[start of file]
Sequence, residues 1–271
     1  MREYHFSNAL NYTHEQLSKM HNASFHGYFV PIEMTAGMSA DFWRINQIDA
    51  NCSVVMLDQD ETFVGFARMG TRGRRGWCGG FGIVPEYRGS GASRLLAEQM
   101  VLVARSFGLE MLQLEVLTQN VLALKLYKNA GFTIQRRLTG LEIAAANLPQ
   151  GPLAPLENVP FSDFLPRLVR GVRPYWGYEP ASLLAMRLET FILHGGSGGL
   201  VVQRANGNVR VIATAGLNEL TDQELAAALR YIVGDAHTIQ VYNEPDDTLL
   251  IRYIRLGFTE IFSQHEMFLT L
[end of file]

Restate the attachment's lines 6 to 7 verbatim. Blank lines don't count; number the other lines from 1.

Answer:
   201  VVQRANGNVR VIATAGLNEL TDQELAAALR YIVGDAHTIQ VYNEPDDTLL
   251  IRYIRLGFTE IFSQHEMFLT L